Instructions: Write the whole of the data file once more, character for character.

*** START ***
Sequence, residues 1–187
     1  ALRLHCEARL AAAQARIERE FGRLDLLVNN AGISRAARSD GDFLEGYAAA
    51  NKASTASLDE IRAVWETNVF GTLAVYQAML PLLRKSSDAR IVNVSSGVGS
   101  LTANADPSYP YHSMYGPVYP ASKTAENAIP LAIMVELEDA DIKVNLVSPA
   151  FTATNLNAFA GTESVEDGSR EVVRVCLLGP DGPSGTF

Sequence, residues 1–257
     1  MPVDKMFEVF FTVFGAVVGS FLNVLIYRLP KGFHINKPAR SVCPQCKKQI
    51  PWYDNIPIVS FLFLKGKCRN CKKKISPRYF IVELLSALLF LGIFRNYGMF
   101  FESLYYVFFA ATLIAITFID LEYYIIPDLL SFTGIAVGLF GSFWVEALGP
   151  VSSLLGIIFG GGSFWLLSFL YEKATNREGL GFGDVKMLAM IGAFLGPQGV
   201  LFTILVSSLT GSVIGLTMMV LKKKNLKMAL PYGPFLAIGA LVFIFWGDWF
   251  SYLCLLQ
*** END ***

Sequence, residues 1–187
     1  ALRLHCEARL AAAQARIERE FGRLDLLVNN AGISRAARSD GDFLEGYAAA
    51  NKASTASLDE IRAVWETNVF GTLAVYQAML PLLRKSSDAR IVNVSSGVGS
   101  LTANADPSYP YHSMYGPVYP ASKTAENAIP LAIMVELEDA DIKVNLVSPA
   151  FTATNLNAFA GTESVEDGSR EVVRVCLLGP DGPSGTF

Sequence, residues 1–257
     1  MPVDKMFEVF FTVFGAVVGS FLNVLIYRLP KGFHINKPAR SVCPQCKKQI
    51  PWYDNIPIVS FLFLKGKCRN CKKKISPRYF IVELLSALLF LGIFRNYGMF
   101  FESLYYVFFA ATLIAITFID LEYYIIPDLL SFTGIAVGLF GSFWVEALGP
   151  VSSLLGIIFG GGSFWLLSFL YEKATNREGL GFGDVKMLAM IGAFLGPQGV
   201  LFTILVSSLT GSVIGLTMMV LKKKNLKMAL PYGPFLAIGA LVFIFWGDWF
   251  SYLCLLQ